• Know Your Customer (KYC) procedures that collect detailed information about individuals and entities "during onboarding and throughout the lifecycle of the customer relationship."

  • Depending on the individual/entity, this could include "examining customer transaction history for connections to sanctioned jurisdictions or transactions with virtual currency addresses that have been linked to sanctioned actors." (emphasis added). OFAC also advises that:

[V]irtual currency companies may consider conducting a historic lookback of transactional activity after OFAC lists a virtual currency address on the SDN List to identify connections to the listed address. A lookback could also identify connections to unlisted addresses that have previously transacted with the listed address, as such unlisted addresses could also pose sanctions risk depending on the nature of those transactions. Companies in the virtual currency industry may consider deploying blockchain analytics tools that help identify and mitigate these sanctions risks.

The guidance provides many additional details for implementing an effective OFAC compliance program and crypto industry compliance officials should closely parse its suggestions.

OFAC has also taken an aggressive position against paying ransomware payments, which usually demand payment through virtual currency. OFAC, Updated Advisory on Potential Sanctions Risks for Facilitating Ransomware Payments (2021.09.21). It advises against agreeing to make such payments wherever possible due to the national security interests at stake and because "there is no guarantee that companies will regain access to their data or be free from further attacks themselves." Id. at 3. If such payments must be made, however, it advises that immediately contacting OFAC and related agencies may mitigate any enforcement action OFAC might otherwise bring. Id. at 5.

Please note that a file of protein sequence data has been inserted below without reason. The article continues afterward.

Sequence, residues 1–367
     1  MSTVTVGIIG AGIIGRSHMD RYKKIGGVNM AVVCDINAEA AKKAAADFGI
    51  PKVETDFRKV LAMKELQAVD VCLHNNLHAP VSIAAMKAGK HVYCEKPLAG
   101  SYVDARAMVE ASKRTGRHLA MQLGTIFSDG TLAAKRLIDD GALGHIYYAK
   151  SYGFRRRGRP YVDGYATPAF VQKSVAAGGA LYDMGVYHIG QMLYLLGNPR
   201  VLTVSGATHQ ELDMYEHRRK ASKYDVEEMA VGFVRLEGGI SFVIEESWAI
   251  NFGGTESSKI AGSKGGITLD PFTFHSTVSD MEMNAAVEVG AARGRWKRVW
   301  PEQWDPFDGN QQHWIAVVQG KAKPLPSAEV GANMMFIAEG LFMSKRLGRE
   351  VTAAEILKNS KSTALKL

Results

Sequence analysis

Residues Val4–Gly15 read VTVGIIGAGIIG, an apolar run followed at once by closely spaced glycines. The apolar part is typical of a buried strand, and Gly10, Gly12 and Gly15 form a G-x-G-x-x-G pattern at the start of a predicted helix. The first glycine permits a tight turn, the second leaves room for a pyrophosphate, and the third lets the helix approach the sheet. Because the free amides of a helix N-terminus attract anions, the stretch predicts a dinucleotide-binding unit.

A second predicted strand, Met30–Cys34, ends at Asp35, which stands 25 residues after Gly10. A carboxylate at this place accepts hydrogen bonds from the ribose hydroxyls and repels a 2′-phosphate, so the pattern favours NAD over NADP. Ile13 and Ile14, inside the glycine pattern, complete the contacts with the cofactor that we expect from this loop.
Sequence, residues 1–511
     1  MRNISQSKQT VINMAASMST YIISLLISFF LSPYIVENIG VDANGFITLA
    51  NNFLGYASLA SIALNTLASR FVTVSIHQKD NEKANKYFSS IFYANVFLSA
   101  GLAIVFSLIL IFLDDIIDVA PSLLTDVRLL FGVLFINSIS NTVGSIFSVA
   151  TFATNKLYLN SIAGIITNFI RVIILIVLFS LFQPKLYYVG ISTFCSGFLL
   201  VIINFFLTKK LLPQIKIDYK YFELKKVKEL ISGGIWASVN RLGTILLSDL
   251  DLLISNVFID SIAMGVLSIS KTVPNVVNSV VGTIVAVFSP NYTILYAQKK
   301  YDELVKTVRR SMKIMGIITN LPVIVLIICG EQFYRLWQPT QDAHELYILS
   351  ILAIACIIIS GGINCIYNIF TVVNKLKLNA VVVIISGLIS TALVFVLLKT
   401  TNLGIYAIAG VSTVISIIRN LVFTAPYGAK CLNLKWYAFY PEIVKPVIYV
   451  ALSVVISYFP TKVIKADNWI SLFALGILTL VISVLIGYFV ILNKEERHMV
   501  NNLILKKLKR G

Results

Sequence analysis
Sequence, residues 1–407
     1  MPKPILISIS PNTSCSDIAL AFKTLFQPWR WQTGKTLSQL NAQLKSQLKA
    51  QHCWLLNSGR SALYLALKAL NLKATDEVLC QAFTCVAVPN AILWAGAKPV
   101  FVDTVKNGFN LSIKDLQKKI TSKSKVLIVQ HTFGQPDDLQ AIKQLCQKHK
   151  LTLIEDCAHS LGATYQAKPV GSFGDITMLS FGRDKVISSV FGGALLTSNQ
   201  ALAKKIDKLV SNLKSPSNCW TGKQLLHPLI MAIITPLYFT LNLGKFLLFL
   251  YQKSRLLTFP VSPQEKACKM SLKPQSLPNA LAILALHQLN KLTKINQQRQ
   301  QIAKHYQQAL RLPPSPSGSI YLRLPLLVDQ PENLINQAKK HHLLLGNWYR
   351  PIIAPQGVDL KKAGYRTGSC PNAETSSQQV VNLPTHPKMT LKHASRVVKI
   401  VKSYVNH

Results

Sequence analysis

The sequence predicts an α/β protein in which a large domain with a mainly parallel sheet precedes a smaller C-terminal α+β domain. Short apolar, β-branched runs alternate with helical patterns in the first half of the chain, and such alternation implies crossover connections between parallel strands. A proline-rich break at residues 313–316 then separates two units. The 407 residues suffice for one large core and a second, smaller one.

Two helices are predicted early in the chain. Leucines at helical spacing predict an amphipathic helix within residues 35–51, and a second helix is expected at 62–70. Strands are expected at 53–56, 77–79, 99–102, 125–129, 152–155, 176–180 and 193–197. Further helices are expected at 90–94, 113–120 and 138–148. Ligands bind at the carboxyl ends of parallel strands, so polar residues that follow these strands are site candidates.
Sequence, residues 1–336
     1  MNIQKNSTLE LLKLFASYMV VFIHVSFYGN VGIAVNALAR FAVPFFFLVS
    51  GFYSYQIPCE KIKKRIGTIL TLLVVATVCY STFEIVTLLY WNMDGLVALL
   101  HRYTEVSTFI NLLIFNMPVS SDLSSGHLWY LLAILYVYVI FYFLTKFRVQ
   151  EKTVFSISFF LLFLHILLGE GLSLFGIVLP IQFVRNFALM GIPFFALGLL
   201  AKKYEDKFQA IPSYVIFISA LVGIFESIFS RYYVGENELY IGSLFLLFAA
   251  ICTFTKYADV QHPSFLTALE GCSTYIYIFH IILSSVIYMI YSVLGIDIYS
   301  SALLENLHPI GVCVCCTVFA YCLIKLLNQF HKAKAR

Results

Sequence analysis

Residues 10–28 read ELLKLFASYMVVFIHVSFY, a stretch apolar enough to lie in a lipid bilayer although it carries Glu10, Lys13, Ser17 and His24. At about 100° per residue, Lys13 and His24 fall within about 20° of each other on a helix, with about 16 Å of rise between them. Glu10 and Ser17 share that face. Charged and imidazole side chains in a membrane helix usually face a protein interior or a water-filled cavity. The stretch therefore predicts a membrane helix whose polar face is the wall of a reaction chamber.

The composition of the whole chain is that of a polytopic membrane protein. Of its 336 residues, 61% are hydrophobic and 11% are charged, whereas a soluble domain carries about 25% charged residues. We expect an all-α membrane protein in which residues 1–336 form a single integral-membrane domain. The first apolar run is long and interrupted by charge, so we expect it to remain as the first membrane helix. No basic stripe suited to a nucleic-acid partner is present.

Compliance officers may wish to familiarize themselves with OFAC's enforcement guidelines as part of their own enterprise risk assessments. 31 C.F.R. § 501 App'x A.


OFAC has issued a number of short, plain language frequently asked questions, with easy to follow answers on a number of basic but essential compliance topics. They are organized by category below and are best read directly from the source.

Digital Currency Basics

Customer Relations

Tornado Cash

Specific Territories

Statements & Testimony

Speaking at the LINKS Conference in November 2021, Deputy Secretary of the Treasury Wally Adeyemo focused on the "national security concerns around anti-money laundering, terrorist financing, and ransomware" that he believed federal regulators needed to address. Wally Adeyemo, Deputy Secretary of the Treasury, Remarks at LINKS Conference Presented by Chainalysis (2021.11.04). He sought to dispel the notion that Treasury "conceives of ransomware as a problem with cryptocurrency, and that in order to stop the former we must severely restrict what happens in this industry." He noted that bad actors use the internet and online banking "[b]ut that is not a reason to get rid of online banking or cryptocurrencies. It is instead a reason to treat the misuse of virtual currencies for what it is – a cybercrime and national security problem – and that is a problem we can address together."